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After lower coal production forecasts by U.S. Energy Information Administration (EIA), railroads are again worried about the proposed regulation by the U.S. Environmental Protection Agency (EPA) for power plants across 27 states.
The proposed guideline –– Carbon Pollution Standard for New Power Plants –– aims at restricting emission of carbon dioxide by new power plants under Section 111 of the Clean Air Act.
The standard proposes new power plants to now limit their carbon-dioxide emission to 1,000 pounds per megawatt-hour. Power plants fueled by natural gas have already met these standards but majority of the units using conventional resources like coal are exceeding the set limit, as they emit an average of 1,800 pounds of carbon-dioxide per megawatt-hour.
As a result, new power plants either have to be fueled by natural-gas or incorporate technologies like catalytic converters and smokestack scrubbers that limit carbon emission.
According to EIA, coal accounts for approximately 42% of electricity generation in the U.S., which has around 1,470 generating units, of which over 70% are more than 30 years old.
Although the new rule would not levy on existing power plants, despite their higher carbon emission, or on upcoming plants over the next 12 months, it creates significant headwinds for the railroads that derive more than 40% of their total freight volumes from this single commodity.
Railroads, which transport nearly two-third of the coal shipment, are most likely to be impacted by the implementation of the new regulation that could result in a gradual decline in domestic coal demand. According to EIA reports, utility coal represents approximately 93% of the domestic coal demand and therefore contributes a substantial part of rail-based coal shipments.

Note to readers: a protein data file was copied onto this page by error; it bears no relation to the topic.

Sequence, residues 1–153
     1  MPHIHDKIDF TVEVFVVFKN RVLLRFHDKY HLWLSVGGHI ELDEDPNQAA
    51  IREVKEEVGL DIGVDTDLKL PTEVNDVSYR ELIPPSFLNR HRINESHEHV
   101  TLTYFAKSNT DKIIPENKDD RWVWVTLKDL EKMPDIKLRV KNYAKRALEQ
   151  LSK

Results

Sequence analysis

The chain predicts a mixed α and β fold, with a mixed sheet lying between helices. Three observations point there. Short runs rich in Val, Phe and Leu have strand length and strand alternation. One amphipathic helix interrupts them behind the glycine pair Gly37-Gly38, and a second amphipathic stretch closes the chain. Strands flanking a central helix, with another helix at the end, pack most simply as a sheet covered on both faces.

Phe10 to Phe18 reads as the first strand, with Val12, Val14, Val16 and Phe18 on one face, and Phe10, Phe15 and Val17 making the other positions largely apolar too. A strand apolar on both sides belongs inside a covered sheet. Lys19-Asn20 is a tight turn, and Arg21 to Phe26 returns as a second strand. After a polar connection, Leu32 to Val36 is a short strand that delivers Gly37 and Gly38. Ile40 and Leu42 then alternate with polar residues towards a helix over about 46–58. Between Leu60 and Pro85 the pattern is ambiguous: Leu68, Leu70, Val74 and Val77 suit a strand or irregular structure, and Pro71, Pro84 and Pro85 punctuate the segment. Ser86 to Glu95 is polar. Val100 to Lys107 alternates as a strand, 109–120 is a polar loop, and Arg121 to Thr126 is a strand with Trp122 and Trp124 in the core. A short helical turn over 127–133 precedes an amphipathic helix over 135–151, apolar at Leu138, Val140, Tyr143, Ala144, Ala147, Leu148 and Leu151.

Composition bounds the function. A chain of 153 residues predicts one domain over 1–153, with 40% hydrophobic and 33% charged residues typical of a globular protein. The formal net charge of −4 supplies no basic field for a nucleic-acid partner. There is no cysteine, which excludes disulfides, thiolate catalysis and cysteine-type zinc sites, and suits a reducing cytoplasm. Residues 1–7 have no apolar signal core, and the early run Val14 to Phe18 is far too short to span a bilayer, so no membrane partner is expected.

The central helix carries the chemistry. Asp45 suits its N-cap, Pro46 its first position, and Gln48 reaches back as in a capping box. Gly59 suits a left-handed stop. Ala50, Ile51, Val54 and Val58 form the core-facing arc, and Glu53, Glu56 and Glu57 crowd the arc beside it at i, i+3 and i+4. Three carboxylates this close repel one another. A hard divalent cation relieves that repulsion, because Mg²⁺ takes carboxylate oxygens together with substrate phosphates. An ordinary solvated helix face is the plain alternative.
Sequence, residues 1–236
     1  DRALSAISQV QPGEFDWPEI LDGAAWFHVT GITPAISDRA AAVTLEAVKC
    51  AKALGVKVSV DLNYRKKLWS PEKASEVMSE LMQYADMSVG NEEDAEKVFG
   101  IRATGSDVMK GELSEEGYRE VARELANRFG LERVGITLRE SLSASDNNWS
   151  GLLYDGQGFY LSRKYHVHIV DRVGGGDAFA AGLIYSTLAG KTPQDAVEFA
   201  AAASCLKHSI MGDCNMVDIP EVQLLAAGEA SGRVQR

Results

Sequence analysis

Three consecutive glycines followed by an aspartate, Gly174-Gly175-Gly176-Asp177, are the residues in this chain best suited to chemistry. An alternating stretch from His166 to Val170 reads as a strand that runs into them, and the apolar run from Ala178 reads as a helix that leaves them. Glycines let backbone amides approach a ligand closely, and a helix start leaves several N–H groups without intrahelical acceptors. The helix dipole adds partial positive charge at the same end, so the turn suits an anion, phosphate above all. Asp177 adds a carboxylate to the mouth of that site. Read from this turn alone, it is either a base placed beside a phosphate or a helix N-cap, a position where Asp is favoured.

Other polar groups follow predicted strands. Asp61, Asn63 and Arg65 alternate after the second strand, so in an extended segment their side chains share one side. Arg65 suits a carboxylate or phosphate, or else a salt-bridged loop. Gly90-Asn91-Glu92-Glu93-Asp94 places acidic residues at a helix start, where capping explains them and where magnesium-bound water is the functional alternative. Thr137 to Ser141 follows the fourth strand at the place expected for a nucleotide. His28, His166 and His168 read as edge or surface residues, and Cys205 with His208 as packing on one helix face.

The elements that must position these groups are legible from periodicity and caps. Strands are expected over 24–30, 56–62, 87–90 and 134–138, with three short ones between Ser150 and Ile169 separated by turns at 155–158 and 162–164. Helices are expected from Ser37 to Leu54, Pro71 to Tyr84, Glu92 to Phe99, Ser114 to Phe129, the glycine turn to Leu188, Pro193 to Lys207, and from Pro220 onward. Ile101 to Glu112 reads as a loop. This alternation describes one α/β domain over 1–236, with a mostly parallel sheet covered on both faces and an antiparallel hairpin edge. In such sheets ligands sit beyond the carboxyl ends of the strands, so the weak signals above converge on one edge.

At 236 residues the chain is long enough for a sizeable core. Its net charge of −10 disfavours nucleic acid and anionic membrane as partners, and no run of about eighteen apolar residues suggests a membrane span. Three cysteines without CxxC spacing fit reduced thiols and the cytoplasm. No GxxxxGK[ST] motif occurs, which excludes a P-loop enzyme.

North American railroads like Union Pacific Corporation (UNP - Analyst Report), NorfolkSouthern Corp. (NSC - Analyst Report), CSX Corp. (CSX - Analyst Report)) and Canadian National Railway Company (CNI - Analyst Report), Canadian Pacific Railway Limited (CP - Analyst Report) and Kansas CitySouthern (KSU - Analyst Report) enjoyed significant growth in their freight volumes owing to coal shipments. Coal (divided in two categories –– metallurgical and utilities) has mostly gained from higher metallurgical coal export owing to growing demand for U.S. export coal in the global markets on the back of higher steel production in the Asian countries.
On the other hand, utility coal volumes, which generated most of the rail freight businesses in the domestic market continued to produce subdued results governed by negative factors like lower natural gas prices that substituted utility coal, higher stockpile levels and a warm winter weather that required lesser electricity consumption.
With the recent development in terms of EPA regulation, we can only expect utility coal scenario to further worsen, creating significant headwinds for the railroads.
However, rising demand for U.S. metallurgical exports, freight shipment in agricultural, industrial products like automotives, chemical and fertilizers alongside rapidly growing requirement for petroleum products and ethanol can play important catalysts in offsetting dampened utility volumes.
Companies like Canadian National have already started following the business trend by divesting their interest in natural gas and crude oil shipping. Canadian National plans to relocate its Calgary terminal and introduce intermodal services connecting Port of Prince Rupert in British Columbia with Calgary and Edmonton intermodal terminals in order to tap potential opportunities in the Alberta region, which is one of the largest producers of energy resources like crude oil (conventional and synthetic), natural gas and other gas products.
Further, Canadian Pacific recently announced its multi-year agreement with Unimin Corporation for shipping fracturing sand from Wisconsin, where Unimin’s facility will begin operations by next year, producing two million tons of fracturing sand that it will ship every year to markets like North Dakota, Texas and Colorado.
All these initiative indicate that freight railways have started focusing on new business opportunities in other commodity segment considering the current market scenario. These are likely to bode well for near-term growth despite the negative impacts of lower coal volume. Additionally, we expect freight rates to remain favorable for the rail carriers, indicating a positive revenue trend.
Currently, we maintain our long-term Neutral recommendation on Union Pacific Corporation, Norfolk Southern, CSX Corp., Canadian National, Canadian Pacific Railway Limited, and Kansas City Southern. For the short term (1-3 months), these stocks hold a Zacks #3 Rank (Hold) except for Canadian National that retains a Zacks #2 Rank (Buy).
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